Jared Kushner (Getty/Win McNamee)

DOJ investigating Jared Kushner transactions in Deutsche Bank money-laundering probe

DOJ's criminal investigation of alleged money laundering at Deutsche Bank apparently focused on Kushner deals


Igor Derysh
June 20, 2019 9:55PM (UTC)

The Department of Justice has opened a criminal investigation into potential money laundering by Deutsche Bank, including transactions linked to White House adviser and Trump son-in-law Jared Kushner.

The investigation apparently centers on why Deutsche Bank officials failed to alert the Treasury Department about potentially suspicious transactions by Kushner’s family and company in 2016, including transactions involving Russian individuals, the New York Times reports.

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Reportedly, bank officials did not submit the reports to Treasury, even though its employees prepared "suspicious activity" reports on the Kushner transactions and others. A spokesperson for Kushner Cos., the family's real estate corporation, told the Times that the firm is not under investigation.

The DOJ has already contacted Tammy McFadden, a former anti-money-laundering compliance officer at the bank who told the Times in May that she flagged transactions involving Kushner’s company but that her superiors had declined to file the suspicious activity reports with the federal government.

Some of McFadden’s colleagues had similar experiences in 2017 when they flagged transactions by entities owned by President Trump. It is unclear whether the FBI is investigating the bank’s handling of those transactions, according to the Times' report.

Congressional Democrats have already received some files from Deutsche Bank as they probe the bank’s dealings with Trump. Deutsche Bank was the only mainstream financial institution willing to lend Trump money after a series of high-profile bankruptcies and defaults in the 1990s. The bank lent him more than $2 billion over the last two decades, including $350 million that Trump still owes, the Times reported.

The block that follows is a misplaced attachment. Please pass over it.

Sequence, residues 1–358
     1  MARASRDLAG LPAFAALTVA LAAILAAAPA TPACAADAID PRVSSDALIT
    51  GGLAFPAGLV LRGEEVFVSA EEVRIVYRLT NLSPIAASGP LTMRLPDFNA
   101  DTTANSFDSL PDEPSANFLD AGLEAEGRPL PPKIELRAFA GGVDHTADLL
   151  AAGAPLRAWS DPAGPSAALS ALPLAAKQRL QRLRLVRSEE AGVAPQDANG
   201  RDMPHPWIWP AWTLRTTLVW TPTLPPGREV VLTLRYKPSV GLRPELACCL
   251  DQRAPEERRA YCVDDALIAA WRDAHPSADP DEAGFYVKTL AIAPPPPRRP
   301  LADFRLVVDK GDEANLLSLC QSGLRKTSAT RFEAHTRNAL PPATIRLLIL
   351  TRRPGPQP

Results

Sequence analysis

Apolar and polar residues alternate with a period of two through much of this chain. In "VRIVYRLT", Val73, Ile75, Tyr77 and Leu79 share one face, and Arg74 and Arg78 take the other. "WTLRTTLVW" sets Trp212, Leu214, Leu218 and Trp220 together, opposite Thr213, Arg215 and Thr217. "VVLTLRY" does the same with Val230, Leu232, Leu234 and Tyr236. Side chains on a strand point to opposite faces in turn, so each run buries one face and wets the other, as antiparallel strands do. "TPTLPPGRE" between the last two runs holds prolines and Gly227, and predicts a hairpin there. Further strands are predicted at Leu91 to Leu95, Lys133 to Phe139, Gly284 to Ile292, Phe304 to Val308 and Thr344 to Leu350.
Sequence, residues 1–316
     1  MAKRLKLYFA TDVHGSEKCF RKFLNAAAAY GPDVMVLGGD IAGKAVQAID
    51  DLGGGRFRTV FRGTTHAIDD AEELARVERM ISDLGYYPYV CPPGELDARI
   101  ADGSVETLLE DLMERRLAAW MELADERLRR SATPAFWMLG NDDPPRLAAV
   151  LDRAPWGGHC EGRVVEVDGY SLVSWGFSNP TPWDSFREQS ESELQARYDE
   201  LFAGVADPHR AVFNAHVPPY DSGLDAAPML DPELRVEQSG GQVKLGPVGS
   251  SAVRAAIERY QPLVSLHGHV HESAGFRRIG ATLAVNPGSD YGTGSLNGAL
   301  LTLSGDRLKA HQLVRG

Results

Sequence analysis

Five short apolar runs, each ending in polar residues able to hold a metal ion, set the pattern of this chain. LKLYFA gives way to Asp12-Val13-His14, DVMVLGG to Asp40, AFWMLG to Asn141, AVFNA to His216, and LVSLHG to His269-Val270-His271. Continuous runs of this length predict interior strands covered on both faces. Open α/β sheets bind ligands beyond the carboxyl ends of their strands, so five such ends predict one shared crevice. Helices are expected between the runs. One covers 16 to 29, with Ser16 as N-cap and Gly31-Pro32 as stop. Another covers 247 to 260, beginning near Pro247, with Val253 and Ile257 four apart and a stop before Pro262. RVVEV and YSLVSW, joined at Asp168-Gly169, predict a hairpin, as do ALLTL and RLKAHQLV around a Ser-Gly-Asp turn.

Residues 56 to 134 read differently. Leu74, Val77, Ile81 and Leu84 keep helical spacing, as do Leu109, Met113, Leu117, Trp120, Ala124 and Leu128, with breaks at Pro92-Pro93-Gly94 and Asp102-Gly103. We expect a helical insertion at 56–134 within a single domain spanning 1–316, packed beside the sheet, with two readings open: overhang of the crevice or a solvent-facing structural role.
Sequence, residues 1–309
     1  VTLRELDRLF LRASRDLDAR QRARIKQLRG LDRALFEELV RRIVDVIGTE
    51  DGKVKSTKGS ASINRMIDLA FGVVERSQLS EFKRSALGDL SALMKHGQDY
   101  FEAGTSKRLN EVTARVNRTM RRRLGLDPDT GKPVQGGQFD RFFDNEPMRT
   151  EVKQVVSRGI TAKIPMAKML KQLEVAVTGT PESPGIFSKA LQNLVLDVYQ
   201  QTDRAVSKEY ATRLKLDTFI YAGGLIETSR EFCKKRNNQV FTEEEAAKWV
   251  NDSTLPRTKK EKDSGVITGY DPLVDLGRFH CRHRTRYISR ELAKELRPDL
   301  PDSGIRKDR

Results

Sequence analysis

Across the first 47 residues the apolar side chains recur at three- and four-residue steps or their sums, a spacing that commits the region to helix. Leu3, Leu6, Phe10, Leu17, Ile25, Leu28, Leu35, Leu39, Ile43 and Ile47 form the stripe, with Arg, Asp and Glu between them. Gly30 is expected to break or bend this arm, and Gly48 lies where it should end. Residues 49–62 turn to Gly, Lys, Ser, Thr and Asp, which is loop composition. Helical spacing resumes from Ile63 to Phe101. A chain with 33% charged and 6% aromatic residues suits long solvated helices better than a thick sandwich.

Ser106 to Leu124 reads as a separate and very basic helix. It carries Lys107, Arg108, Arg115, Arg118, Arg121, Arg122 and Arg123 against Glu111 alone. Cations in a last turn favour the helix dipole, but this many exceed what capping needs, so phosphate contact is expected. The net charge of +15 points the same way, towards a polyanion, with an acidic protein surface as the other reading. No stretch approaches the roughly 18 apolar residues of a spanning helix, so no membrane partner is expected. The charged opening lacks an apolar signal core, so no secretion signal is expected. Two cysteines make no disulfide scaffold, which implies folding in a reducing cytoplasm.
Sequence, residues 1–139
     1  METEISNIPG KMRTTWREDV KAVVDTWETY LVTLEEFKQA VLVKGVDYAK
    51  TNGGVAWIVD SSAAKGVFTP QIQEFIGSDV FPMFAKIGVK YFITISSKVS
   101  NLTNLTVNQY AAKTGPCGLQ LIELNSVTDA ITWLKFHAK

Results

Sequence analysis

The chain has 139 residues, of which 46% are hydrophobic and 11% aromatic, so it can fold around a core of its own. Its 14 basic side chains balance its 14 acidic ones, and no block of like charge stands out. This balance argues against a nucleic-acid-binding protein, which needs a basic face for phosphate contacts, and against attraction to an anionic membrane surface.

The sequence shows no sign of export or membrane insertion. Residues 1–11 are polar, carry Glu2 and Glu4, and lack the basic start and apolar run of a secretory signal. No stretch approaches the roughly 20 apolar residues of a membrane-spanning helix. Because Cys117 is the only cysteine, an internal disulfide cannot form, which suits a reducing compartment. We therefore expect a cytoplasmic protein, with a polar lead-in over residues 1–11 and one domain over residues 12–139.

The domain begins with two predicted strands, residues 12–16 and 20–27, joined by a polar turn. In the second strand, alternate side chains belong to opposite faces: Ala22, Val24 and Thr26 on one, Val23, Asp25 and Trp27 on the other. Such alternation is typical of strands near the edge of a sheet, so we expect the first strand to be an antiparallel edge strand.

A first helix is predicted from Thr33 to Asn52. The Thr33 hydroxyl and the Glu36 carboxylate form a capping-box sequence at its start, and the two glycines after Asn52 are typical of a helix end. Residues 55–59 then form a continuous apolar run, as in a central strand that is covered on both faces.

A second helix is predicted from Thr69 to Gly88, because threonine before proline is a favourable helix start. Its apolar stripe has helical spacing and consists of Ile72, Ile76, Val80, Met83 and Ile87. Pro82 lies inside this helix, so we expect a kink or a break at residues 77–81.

Two House committees have subpoenaed Deutsche Bank for records related to Trump but the president sued to block the bank from turning the files over. A federal judge rejected Trump’s request to block the subpoena and the president's lawyers are currently appealing that ruling.

Deutsche Bank has been under a DOJ investigation since 2015, according to the Times, when agents probed the bank’s role in laundering money for wealthy Russians. The bank was hit with steep fines in both the U.S. and the United Kingdom, but has not faced any criminal charges. The DOJ expanded its investigation last fall.

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McFadden told the Times last month that she was fired by Deutsche Bank last year after raising concerns over the bank’s practices and has since filed complaints with the Securities and Exchange Commission and other regulators.

On Wednesday, the watchdog group Citizens for Responsibility and Ethics in Washington (CREW) also called on the Federal Reserve System to investigate whether Deutsche Bank had violated the law by refusing to submit the suspicious activity reports on the Kushner and Trump transactions.

“Deutsche Bank’s careless attitude towards banking compliance laws and failure to police its accounts may now be impacting American government at the highest levels,” said CREW executive director Noah Bookbinder. “Questions about transactions between President Trump and foreign actors whose conduct seemingly warranted suspicious activity reports, potentially facilitated by Deutsche Bank, harms the public legitimacy of the institution of the presidency itself.”


Igor Derysh

Igor Derysh is a New York-based political writer whose work has appeared in the Los Angeles Times, Chicago Tribune, Boston Herald and Baltimore Sun.

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